- for the purposes of the legitimate interests pursued by the Data Controller or by a third party, except where such interests are overridden by the interests or fundamental rights and freedoms of the data subject which require protection of personal data, in particular where the data subject is a child (Article 6(1)(f)).
Legitimate interests (Article 6(1)(f)) will be a favourite condition amongst employers as usually the surveillance will be done to prevent or detect crime or to detect or stop abuse of the employers’ resources e.g. vehicles, internet and email facilities etc.
Article 6 states that the legitimate interests condition shall not apply to processing carried out by public authorities in the performance of their tasks. Herein lies a potential problem for, amongst others, local authorities, government departments, and quangos.
Such organisations will have to consider the applicability of the legal obligation and public interests/official authority conditions (Article 6(1)(c) and Article 6(1)(e)) respectively). We can expect lots of arguments about what surveillance is in the public interest and when official authority is involved. If the surveillance involves a public authority using covert techniques or equipment to conduct the surveillance, it is easy to assume that Part 2 of the Regulation of Investigatory Powers Act 2000 (“RIPA”) applies and so the latter condition is met. However, the Investigatory Powers Tribunal has ruled in the past that not all covert surveillance of employees is regulated by RIPA (See C v The Police and the Secretary of State for the Home Department (14th November 2006, No: IPT/03/32/H),).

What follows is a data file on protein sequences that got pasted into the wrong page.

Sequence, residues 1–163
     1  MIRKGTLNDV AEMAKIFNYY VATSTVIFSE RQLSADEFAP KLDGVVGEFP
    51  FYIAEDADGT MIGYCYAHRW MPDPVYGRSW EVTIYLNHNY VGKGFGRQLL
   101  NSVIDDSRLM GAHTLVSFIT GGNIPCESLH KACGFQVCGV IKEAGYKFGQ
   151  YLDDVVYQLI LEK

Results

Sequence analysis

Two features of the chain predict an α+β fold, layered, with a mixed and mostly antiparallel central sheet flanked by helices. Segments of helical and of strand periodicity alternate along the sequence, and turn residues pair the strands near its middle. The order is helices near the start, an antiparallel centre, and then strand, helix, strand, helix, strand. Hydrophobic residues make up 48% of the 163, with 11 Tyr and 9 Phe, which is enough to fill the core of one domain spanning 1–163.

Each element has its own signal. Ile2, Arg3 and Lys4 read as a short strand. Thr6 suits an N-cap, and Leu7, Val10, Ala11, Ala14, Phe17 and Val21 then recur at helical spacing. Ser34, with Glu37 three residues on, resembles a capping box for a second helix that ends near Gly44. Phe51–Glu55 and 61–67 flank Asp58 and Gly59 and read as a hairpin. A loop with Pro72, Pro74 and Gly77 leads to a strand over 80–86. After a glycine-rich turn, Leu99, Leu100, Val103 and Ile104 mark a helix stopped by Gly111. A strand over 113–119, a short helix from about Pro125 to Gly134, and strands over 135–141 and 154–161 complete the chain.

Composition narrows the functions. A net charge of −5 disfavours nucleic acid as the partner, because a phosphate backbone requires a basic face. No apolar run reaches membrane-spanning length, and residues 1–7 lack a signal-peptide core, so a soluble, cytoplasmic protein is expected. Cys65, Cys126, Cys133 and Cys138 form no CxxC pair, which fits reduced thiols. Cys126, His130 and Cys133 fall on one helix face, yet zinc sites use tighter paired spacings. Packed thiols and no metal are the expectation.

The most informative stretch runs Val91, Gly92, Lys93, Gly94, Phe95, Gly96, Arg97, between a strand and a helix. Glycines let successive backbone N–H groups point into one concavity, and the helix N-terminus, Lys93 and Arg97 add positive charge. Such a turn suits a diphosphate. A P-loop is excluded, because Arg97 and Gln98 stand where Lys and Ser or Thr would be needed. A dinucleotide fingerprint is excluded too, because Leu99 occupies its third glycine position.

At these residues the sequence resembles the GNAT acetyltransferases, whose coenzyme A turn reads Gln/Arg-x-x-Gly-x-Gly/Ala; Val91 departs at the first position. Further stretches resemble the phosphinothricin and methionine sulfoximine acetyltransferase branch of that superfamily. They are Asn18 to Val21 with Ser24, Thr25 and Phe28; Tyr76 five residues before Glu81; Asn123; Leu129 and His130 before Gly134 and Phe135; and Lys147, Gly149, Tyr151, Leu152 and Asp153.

All Data Controllers, including employers, have an obligation to ensure that they are transparent in terms of the how they use employee’s information. Consideration will also have to be given to as to what extent general information will have to be supplied to employees in respect for the employer’s surveillance activities (See our blog post on Privacy Notices).
Surveillance of employees can be a legal minefield. Our forthcoming webinar on GDPR and employee surveillance will be useful for personnel officers, lawyers, IT staff and auditors who may be conducting or advising on employee surveillance.